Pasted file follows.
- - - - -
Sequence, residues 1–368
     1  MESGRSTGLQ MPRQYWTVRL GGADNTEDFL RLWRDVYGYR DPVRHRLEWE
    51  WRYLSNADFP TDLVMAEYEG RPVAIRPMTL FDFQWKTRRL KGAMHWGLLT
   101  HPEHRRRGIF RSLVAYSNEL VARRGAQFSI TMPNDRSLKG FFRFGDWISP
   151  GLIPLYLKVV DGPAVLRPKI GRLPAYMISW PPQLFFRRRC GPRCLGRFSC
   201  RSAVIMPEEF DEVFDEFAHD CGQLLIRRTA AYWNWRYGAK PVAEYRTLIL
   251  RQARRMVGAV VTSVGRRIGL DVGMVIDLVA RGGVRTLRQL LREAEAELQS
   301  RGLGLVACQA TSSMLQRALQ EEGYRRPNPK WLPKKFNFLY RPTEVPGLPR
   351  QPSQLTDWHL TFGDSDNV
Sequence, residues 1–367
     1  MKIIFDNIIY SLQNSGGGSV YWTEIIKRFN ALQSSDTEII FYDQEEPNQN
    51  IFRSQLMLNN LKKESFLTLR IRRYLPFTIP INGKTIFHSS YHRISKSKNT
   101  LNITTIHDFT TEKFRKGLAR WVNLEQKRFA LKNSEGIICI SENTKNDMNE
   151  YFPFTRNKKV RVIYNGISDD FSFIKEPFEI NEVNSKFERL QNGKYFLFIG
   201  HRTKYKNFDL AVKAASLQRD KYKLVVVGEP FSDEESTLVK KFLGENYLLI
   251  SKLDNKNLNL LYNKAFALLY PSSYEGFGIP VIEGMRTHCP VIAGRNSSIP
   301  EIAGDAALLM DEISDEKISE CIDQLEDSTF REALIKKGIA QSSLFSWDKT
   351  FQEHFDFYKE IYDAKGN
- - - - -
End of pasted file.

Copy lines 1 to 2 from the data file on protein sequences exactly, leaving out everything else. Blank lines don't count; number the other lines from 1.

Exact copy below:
Sequence, residues 1–368
     1  MESGRSTGLQ MPRQYWTVRL GGADNTEDFL RLWRDVYGYR DPVRHRLEWE